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Paralell or Series?

Discussion in 'Amps and Cabs [BG]' started by HolbieBaker, Feb 21, 2002.


  1. HolbieBaker

    HolbieBaker

    Feb 21, 2002
    Dickinson, ND
    I have a 4 ohm Marshall bass head, 200 watts. I wanted to get an Ampeg 2x10 and an Ampeg 1x15 but don't have very much $. I want to get a Carvin 2L210 and a RL115 to stack, a cheaper route. The website says that the 15 is 8 ohms and the 2x10 is 4 ohms. Is there any way I can use both of these with my head and not damage it?

    p.s. It seemed kind of wierd to me to see a 2x10 that is not 8 ohms. Did I read the specs wrong. Any help would be greatly appreciated.
     
  2. mgood

    mgood

    Sep 29, 2001
    Levelland, Texas
    You read the specs right on the RL20T. The only 8-ohm bass cab they offer is the RL410T. All the others are 4 ohms, including the RL115.

    Running the RL210T and the RL115 on the same amp channel would produce a 2-ohm load.

    You could run the two cabs in series, which would make an 8-ohm load, but it would require you to build a rather funky speaker cable to make that happen.
     
  3. HolbieBaker

    HolbieBaker

    Feb 21, 2002
    Dickinson, ND
    If I am able to Bi-Amp the two cabinets is that the same as series? Pardon my ignorance on the subject but this is fairly new to me.
     
  4. Richard Lindsey

    Richard Lindsey

    Mar 25, 2000
    Metro NYC
    Nothing to pardon--nobody's born knowing this stuff, and most of us (certainly including me) still have plenty to learn.

    No, biamping is completely different from series. With biamping, you have two separate amps--either within a single unit, like the left and right outputs of a stereo receiver, or in two separate units, like, say, two different SVT power sections. You then divide up your bass signal at the preamp stage into two parts, a high part and low part. You do this with a crossover, which is either built into your preamp/head or a separate piece of gear. One part of your signal goes to one amp, the other part to the other amp. You can't biamp if you don't have two amps. As an example, you can biamp with a Carvin R600, which has two amps built in, but not with an SVT, which doesn't (unless you add a 2nd external amp).

    Series basically means you're running your power output through one driver before it gets to the next one. Thus, their resistances add up. Parallel means the power is effectively sorta split so that it goes to all drivers at the same time. That's crude, but I hope it gives the idea.
     
  5. HolbieBaker

    HolbieBaker

    Feb 21, 2002
    Dickinson, ND
    That helps alot. Thanks
     
  6. HolbieBaker

    HolbieBaker

    Feb 21, 2002
    Dickinson, ND
    One more question. If I run my trebble channel to the 4 ohm 2x10, and run the bass channel to the 1x15, also 4 ohms, what is the overall impedence? Will it damage my 4 ohm amp?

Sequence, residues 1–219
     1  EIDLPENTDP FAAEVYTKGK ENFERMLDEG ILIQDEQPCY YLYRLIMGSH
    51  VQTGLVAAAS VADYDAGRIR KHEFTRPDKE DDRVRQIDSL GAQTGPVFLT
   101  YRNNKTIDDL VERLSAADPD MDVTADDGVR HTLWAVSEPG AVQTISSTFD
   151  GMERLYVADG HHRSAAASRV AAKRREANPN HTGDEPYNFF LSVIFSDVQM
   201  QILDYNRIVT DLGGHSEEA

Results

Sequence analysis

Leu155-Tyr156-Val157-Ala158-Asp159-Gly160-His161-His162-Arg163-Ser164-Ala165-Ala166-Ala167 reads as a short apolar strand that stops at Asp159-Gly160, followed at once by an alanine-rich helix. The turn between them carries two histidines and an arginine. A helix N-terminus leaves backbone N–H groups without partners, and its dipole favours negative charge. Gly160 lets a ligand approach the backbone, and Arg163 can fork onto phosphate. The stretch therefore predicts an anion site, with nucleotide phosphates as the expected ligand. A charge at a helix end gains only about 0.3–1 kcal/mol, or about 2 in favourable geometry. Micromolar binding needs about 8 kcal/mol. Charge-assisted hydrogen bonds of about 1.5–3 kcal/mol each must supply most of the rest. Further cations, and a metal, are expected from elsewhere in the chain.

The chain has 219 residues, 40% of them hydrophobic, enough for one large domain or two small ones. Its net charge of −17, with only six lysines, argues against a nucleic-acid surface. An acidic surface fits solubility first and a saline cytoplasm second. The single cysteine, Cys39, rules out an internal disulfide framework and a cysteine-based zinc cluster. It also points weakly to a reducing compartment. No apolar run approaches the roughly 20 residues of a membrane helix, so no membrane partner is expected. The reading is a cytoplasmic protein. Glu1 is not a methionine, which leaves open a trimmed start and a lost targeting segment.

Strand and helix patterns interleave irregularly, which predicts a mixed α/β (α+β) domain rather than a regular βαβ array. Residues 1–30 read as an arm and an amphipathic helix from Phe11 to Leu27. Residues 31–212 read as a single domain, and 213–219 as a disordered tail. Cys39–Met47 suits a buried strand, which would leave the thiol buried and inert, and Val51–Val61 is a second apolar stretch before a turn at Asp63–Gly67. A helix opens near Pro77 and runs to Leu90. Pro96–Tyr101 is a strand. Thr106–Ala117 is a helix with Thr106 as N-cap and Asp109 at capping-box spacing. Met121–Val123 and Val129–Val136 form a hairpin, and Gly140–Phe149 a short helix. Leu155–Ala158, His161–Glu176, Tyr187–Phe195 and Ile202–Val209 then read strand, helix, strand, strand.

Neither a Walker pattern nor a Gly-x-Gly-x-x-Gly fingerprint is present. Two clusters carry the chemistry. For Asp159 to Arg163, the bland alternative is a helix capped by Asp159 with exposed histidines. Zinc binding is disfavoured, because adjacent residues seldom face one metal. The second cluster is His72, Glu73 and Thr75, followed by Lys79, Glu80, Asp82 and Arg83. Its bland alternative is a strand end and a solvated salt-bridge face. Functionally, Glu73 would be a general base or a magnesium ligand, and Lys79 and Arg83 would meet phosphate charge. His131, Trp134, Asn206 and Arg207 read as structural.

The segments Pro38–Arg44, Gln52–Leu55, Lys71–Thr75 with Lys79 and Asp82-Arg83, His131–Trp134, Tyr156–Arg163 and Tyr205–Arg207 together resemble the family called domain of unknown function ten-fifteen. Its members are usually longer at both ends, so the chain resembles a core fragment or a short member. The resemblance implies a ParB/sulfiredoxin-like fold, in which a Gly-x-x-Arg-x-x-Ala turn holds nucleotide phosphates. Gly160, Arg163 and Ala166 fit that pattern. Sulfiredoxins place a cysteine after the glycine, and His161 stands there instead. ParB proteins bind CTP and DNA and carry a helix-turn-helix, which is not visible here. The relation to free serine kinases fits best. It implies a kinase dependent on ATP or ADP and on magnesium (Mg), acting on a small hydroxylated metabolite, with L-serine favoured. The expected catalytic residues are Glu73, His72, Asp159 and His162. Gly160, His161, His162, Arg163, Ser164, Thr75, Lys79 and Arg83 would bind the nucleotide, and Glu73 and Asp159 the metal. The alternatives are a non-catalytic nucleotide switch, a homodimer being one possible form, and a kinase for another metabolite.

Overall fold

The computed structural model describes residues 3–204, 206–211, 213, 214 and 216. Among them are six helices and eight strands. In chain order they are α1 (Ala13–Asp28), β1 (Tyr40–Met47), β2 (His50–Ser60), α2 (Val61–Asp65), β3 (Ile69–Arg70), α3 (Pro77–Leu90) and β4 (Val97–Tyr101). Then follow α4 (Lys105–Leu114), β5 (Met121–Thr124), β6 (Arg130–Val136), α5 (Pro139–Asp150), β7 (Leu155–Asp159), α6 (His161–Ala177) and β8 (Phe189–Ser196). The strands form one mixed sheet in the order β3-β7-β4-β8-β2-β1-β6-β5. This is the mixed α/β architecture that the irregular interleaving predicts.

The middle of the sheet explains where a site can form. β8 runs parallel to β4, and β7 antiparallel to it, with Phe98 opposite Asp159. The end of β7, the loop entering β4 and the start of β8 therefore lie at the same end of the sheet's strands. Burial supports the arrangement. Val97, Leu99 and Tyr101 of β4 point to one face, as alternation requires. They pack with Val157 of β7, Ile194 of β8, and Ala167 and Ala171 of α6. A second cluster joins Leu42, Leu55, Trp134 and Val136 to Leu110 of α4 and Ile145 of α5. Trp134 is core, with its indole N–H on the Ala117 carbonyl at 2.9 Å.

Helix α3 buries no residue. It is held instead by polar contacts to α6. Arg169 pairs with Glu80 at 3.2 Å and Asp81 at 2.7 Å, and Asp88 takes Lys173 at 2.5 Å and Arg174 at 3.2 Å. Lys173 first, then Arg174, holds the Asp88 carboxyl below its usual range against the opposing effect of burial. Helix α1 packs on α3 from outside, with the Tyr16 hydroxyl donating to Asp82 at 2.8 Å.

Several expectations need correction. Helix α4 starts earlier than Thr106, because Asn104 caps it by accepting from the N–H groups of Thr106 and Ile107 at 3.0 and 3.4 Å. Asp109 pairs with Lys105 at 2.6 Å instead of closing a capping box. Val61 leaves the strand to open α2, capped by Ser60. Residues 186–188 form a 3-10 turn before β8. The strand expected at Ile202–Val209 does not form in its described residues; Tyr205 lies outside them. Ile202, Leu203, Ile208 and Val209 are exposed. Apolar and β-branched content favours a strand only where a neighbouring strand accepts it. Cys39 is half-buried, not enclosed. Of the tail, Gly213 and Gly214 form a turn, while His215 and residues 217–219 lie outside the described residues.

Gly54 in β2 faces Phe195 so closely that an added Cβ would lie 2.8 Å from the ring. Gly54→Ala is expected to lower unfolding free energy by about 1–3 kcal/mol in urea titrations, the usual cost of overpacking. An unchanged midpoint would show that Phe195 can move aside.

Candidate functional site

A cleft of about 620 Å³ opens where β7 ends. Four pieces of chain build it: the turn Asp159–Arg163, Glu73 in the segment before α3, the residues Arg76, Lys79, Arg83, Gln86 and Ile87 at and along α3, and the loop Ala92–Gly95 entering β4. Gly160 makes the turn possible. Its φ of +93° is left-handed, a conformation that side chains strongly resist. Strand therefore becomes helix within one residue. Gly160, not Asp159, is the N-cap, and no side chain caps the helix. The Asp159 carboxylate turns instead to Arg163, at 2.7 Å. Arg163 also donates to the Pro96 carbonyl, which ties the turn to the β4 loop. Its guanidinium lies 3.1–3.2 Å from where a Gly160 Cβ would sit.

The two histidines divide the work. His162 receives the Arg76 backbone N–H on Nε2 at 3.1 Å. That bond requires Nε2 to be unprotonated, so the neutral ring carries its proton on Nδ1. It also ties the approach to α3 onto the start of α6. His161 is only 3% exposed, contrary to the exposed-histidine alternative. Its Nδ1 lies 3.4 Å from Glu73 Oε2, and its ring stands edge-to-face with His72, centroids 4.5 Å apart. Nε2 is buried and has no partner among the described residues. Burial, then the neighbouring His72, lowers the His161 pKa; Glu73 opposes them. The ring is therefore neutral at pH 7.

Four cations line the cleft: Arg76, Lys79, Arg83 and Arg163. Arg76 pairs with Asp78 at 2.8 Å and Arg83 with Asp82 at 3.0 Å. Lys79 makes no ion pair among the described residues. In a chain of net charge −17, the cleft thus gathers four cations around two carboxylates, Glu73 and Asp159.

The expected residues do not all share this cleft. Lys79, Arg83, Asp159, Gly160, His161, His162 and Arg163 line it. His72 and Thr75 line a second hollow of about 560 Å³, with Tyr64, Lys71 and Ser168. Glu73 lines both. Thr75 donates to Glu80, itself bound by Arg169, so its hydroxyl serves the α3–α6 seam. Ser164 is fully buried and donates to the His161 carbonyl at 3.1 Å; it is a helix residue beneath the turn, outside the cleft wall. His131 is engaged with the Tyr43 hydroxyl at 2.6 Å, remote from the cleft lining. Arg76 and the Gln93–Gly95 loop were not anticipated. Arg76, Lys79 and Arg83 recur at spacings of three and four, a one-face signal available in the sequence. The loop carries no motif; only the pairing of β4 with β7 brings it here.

7. Richard Lindsey

    Richard Lindsey

    Mar 25, 2000
    Metro NYC
    AFAIK you can't do this, because you don't have two amps. If I'm understanding you correctly, you have a Marshall bass amp with a single output [that is, a single AMPLIFIER output, which may have more than one 1/4" jack hooked up to it], and this single amp puts out 200 W at 4 ohms. Because you only have one power amp, you can't split the signal into treble and bass regions and thus can't send each one to a different cab.

    Now, if you daisychain the two cabs off the single output, you will be hooking them up in parallel, which means that the total impedance will be 2 ohms. Not good if your amp is only rated down to 4. You might well damage it this way. I wouldn't recommend it.

    Even if there are two speaker output jacks and you connect one to each cab, most such outputs are connected in parallel, which means that you will still have a 2 ohm load and thus a likely problem.

    If I were you, I would at least consider forgetting about getting the two cabs you mention and instead look for a good deal on one good 4 ohm 410 (maybe a used Eden or Genz Benz or SWR or whatever--dunno who all makes 4 ohm 410s, though I know at least Eden does).
     
  8. HolbieBaker

    HolbieBaker

    Feb 21, 2002
    Dickinson, ND
    Actually my amp has two speaker outputs, plus a bi-amp feature with a trebble output and a bass output, with a trebble volume and bass volume knob on the front.
     
  9. Richard Lindsey

    Richard Lindsey

    Mar 25, 2000
    Metro NYC
    Well, why didn't you say so up front, old son? ;)

    No harm done. But in the future, when you ask technical questions about a setup, remember that it's better to give too much info than not enough. You'll find some very helpful people here, but the more info we have, the better we can help.

    To the point: are you sure you have two amps, or do you just have a built-in crossover that facilitates biamping, without the second amp that makes this actually possible? This happens sometimes. I used to have a Peavey that had a built-in crossover and various biamp-related controls--but it only had one amp, so biamping was impossible unless I bought a 2nd amp to hook up to it. I've never heard of a bass amp that could biamp and yet would be spec'd simply as 200 W @ 4 ohms. Usually, it would say something more like 200 W *per side* @ 4 ohms, or else (as some G-Ks do) something like 100 W (high) and 300 W (low).

    You might want to post some more info about the amp to get a better answer, or post the model number of the amp so we can look it up on the Marshall website.

    Not trying to bust your chops, just trying to help.
     
  10. HolbieBaker

    HolbieBaker

    Feb 21, 2002
    Dickinson, ND
    I will study the amp more closely and post again. Thanks for all the posts, it is helping me greatly.